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Teeing up for Taipei: Why Computex matters

Brad Chacos | June 3, 2013
Computex is coming next week. Why should you care? You'll know after reading this.

But beyond that, Computex's location makes it vitally important to the entire technology industry.

"Computex is a key show for its location, right in the middle of where everything comes to life: Taiwan," says Milanesi. "I always think of Taiwan as the manufacturing arm of Silicon Valley. [Manufacturers] that matter in the computing-devices business all have a presence there."

Major manufacturers such as Foxconn and Pegatron indeed call Taiwan home. Holding Computex in their backyard not only gives the show a cultural vibe you won't find in the West, but also grants big-name Western companies (such as Intel and AMD) access to a rising star in the world of consumer technology.

"Computex is a very important show for non-Asian tech companies," says Moorhead. "Taiwan is a major tech gateway to China, the fastest-growing technology market. Chinese come to the show, and also the press stories are covered in China out of Taiwan."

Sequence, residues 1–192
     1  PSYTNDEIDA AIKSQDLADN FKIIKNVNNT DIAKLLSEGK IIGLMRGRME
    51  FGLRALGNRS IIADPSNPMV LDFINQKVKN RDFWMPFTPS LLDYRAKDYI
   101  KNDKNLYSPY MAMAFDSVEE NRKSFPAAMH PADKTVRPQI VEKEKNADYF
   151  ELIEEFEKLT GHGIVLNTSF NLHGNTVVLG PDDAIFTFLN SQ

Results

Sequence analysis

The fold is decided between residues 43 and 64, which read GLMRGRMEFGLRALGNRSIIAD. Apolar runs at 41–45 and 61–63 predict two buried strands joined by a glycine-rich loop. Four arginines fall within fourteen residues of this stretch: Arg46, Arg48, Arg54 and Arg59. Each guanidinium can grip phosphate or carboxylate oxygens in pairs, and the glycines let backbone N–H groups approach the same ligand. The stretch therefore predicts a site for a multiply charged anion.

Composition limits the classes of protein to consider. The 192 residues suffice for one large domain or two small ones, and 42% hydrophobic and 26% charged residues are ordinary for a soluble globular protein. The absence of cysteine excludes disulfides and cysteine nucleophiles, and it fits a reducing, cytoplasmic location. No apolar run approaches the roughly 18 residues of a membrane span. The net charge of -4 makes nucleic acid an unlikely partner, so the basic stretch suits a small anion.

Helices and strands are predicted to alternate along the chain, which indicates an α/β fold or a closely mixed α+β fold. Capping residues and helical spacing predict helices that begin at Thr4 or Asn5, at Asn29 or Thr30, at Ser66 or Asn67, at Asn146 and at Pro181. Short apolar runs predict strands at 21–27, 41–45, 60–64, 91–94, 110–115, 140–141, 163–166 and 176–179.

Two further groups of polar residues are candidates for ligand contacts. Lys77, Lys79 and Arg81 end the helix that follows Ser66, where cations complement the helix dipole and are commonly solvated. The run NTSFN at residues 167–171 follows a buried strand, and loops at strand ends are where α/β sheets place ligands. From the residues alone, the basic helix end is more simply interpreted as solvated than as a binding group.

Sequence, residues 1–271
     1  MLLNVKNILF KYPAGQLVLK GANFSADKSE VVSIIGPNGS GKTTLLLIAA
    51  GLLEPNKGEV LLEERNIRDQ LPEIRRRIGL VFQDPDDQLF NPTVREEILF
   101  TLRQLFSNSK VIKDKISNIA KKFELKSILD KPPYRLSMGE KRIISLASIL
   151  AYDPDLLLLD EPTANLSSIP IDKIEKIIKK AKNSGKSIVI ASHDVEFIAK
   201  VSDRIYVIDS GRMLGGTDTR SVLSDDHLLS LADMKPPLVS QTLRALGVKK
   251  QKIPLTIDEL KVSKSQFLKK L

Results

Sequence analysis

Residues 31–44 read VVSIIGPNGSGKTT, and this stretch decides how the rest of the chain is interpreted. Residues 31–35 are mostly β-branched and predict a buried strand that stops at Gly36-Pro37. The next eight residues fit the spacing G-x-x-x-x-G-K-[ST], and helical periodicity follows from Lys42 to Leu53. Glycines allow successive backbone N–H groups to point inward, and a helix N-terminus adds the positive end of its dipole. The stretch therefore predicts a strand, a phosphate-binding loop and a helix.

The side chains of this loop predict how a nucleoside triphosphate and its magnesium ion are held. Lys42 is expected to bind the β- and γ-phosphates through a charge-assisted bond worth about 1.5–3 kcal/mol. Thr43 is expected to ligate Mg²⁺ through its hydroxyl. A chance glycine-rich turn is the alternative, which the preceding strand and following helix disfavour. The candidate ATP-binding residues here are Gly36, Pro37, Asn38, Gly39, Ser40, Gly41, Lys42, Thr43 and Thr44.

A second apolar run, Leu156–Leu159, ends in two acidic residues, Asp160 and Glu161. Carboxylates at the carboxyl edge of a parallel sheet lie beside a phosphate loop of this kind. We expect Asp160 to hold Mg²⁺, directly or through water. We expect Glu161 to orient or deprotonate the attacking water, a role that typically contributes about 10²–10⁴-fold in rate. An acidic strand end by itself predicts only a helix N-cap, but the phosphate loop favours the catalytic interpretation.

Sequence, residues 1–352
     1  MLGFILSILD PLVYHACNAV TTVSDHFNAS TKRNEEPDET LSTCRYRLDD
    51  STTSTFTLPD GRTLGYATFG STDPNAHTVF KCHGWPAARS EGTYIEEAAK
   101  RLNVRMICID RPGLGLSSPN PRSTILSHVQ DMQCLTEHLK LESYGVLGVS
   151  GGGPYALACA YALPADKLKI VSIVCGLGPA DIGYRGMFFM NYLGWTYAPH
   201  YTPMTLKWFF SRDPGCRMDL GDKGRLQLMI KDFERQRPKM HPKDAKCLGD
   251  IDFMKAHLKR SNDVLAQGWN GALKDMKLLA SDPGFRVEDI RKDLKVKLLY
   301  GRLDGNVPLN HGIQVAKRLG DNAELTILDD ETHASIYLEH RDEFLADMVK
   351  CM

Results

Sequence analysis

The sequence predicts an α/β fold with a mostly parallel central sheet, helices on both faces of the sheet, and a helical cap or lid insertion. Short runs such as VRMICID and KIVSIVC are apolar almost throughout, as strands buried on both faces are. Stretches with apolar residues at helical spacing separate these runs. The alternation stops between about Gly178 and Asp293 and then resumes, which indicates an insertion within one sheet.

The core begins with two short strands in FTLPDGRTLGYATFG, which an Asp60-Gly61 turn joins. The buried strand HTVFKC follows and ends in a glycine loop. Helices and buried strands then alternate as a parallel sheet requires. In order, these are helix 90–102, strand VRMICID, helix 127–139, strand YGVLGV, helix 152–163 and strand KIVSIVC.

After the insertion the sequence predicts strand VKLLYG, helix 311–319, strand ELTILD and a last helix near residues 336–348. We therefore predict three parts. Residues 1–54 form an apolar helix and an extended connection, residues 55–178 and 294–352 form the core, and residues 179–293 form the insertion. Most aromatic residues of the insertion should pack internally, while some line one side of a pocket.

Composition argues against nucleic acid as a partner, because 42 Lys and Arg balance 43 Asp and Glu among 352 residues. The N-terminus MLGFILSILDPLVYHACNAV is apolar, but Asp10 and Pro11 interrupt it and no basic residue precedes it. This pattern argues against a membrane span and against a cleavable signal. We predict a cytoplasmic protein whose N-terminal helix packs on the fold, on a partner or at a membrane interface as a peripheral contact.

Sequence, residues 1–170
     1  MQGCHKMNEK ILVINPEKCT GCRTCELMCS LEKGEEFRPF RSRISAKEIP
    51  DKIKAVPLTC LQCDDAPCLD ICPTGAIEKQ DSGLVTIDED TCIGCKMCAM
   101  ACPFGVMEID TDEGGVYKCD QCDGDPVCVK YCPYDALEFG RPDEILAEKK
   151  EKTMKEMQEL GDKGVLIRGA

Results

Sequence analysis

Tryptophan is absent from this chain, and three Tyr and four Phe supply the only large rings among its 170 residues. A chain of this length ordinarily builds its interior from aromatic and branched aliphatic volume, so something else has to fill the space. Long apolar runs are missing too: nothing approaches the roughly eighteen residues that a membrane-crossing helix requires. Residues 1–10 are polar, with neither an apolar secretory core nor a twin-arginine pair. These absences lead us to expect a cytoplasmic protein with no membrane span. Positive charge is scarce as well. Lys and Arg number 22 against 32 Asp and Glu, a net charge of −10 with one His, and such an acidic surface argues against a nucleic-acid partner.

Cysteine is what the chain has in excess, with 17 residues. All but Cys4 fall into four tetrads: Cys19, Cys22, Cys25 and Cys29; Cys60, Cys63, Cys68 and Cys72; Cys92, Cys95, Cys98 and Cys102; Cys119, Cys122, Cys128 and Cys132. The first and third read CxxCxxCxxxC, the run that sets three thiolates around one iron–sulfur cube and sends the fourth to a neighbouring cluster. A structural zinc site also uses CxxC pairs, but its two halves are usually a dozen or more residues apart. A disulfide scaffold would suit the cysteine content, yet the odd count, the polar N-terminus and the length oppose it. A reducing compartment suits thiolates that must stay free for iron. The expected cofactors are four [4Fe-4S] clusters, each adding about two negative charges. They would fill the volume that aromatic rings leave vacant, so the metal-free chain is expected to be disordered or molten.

Chinese contacts and Chinese press are worth their weight in gold in the technology world.

"If Computex moved to Vegas, attendance would be huge, but you would lose an important part of the show--the culture," Milanesi says. "Companies like Asus, HTC, and Mediatek have a distinct culture that would just get lost overseas."

Time out of mind
That's why Computex matters to you and me, and why it matters more to the rest of the world--even if it doesn't garner quite as much mainstream attention as CES or E3.

"Sadly, I feel that Computex suffers like every other show that happens in Asia," Milanesi says. "A mix of time difference and local coverage lowers its impact [on] the U.S. media and public." Reports out of Taipei often come live. For North Americans, that means they occur in the middle of the night.

That the show is usually held near the same time as Apple's WWDC gathering and the video game extravaganza known as E3--two major events, both held on the American West Coast--only underscores Computex's tendency to fly somewhat under the radar in the United States.

It's not as though Computex goes ignored stateside, however. Even if they come in the wee hours, the reports still flow from Taipei, and the most important gadgets are highlighted in roundups that publish at times more reasonable for the North American audience. We'll be shining a spotlight on the biggest news out of Taipei all next week, in fact. (Expect to see a lot of laptops carrying Windows 8.1 and Intel processors, tablets rocking Nvidia Tegra 4 or AMD Temash chips, and maybe even a Firefox OS phone or two.)

If you want to see what the true tech of tomorrow will be, rather than vague promises and smoky vaporware, you need to keep an eye on Taipei.

 

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